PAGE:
I felt most ready to teach band pedagogy, secondary instruments, and conducting. I also undertook music library maintenance and digitized the school library and am trying to inventory the elementary school libraries. We have eight elementary schools in our district, but no list of what we have scattered across buildings.

Less Prepared
    I wish I knew more about string instruments. If I laid even a finger on a string instrument right now, I would probably break it. At least a semester on strings is necessary, if not more. It is a joke that my degree says I am just as qualified to teach orchestra as a string player. My keyboard skills were poor when I started in college and still feel terrible. As painful as I found keyboard class, double the time would have been helpful.
   I wish I had taken more time to study instrument repair. I have not gone a whole day yet without a clarinet exploding. Administrative tasks are another area that more preparation would be helpful. I teach in three schools in two districts. Last year all the paperwork and administrative work was overwhelming, and it severely limited teaching and lesson planning. This year for me, teaching comes first.
    Funding is another difficult area. This could include grant-writing and reaching out to the community. I have a really good problem at one of my schools this year: we have almost 50 students in elementary band, up from around 35 last year, but not enough instruments. Luckily my middle school and high school colleagues are there to help acquire instruments, but it makes me worry that some students won’t have access to music because of instrument shortages.

Professional Development Workshops I Need
    1. Kodaly training. I have used solfege and Curwen hand signs with my students this year, and it is having a great impact on their playing. Even my second-year students are taking to it well. I would love a workshop on incorporating Kodaly into the band room.

    2. Curriculum development. I want to learn how to create one that focuses on the classroom (micro) and also aligns horizontally and vertically (macro) in the district.

Finding Balance
    It is better this year. Weekends are mine. I work like crazy Monday through Friday but do what I want on the weekends. I also try to keep work at work and not clutter my apartment with school stuff. I have requested a separate laptop from my schools to keep my school work on instead of using my personal laptop, and I have taken my work email off my phone.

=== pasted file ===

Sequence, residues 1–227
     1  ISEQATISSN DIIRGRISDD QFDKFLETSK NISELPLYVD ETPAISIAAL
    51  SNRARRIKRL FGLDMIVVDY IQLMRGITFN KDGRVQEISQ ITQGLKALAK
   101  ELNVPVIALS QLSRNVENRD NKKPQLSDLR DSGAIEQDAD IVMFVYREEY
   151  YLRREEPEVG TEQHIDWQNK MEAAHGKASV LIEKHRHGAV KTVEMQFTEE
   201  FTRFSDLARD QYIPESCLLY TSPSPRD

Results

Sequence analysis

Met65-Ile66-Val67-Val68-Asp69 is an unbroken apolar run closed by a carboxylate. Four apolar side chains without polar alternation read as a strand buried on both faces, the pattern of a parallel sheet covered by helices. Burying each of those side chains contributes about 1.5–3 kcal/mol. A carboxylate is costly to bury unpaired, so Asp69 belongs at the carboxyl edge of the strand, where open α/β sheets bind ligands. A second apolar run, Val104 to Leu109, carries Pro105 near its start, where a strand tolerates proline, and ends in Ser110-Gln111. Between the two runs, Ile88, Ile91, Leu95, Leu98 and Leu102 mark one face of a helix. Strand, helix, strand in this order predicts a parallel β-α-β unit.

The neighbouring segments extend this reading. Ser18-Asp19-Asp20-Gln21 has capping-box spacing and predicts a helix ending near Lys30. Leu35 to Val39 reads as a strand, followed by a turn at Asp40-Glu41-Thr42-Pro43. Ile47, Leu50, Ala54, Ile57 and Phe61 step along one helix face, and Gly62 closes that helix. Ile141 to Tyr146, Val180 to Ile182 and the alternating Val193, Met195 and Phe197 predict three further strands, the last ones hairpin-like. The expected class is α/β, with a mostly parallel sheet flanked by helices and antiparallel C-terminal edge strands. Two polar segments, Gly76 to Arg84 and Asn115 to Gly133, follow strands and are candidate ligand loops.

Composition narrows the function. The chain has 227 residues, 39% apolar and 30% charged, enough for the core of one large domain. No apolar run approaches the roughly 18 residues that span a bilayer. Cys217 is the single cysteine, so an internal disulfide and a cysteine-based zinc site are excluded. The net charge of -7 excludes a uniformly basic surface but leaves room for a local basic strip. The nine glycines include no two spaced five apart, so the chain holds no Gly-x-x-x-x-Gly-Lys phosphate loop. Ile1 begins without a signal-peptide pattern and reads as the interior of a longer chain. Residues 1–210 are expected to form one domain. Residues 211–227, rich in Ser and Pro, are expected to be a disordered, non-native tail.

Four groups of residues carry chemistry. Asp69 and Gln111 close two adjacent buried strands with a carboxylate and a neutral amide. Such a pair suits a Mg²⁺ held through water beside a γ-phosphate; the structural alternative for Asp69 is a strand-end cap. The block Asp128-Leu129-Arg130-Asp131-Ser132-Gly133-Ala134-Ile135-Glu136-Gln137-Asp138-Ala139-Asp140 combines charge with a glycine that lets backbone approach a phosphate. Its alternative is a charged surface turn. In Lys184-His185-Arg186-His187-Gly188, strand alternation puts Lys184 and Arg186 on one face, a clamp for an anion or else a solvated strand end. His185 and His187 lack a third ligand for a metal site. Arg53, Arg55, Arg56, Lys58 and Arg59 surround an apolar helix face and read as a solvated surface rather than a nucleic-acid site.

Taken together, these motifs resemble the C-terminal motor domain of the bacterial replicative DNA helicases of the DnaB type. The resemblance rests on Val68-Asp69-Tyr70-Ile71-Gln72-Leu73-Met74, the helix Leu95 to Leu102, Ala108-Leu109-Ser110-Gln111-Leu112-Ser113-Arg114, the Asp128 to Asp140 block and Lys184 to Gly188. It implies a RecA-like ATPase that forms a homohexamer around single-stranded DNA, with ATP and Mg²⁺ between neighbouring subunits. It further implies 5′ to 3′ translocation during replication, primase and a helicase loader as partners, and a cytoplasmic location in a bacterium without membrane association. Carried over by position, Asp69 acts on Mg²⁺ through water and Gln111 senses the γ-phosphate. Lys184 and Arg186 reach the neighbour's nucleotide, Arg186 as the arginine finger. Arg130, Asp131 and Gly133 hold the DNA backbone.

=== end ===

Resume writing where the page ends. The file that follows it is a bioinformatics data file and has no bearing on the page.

Wisdom in the Second Year
    Last year, I truly, deeply despised my job. At the end of last year, I swore you would have to bring me back kicking and screaming this fall. I have never in a million years though of myself as an elementary school teacher. I would have gladly taught middle or high school but never elementary school. However, I already love it so much more this year. I love being the first band teacher they have and getting to start them on their instruments. It is such an important and often forgotten step in a band student’s education.
    I hate the politics. Our profession is ridiculously politicized. The Teacher Wars by Dana Goldstein is a great new book that talks about the history of the profession, and how we reached the point where we are today.
    My relationships with colleagues are okay, but I spend most of my time in my classroom. Teachers hate that I pull their kids out of class, so I feel like the bad guy all day long, although most of them are supportive. I realize now that it takes time to make a program yours. It feels more like my program, and I am starting to create a culture that makes me feel good. I wanted to go in and be the most amazing teacher ever all in one year. I wanted enrollment to soar and have a 100% retention rate. I wanted epic concerts. None of that happened last year. I realize now you have to plan the big picture if you want to see change. I already have so many ideas for next year.

Reflections in March
    I have had trouble standing up for my program over the past two years. I have been told my music lessons are “too loud for lunch” (my band lessons are on a stage shared with the cafeteria and are too loud for students eating lunch on the other side of a curtain), and other teachers have no problem asking me to “just not have rehearsal or lessons today because we have too much going on in class.” At times I became convinced that what I was doing was not important. I thought this doubt was because I was new to the profession, and maybe my more experienced colleagues received more respect. However, I don’t think that is the case. Teaching on a noisy stage does not seem so bad when I remember that I know teachers who give lessons in closets, in school hallways, and my personal favorite, in the staff lounge. I am reaching the point where the barriers just do not faze me anymore. This is for the kids, and I will go to bat to ensure them the best education possible.
    A fourth grade teacher stopped me in the hall the other day. I thought I was probably in trouble for some schedule error I had inevitably made. Instead he said, “We’re doing a project where we take someone who is meaningful in our lives, transform them into a superhero, and write a story about them. You know Emily, your French horn player? You are her superhero!”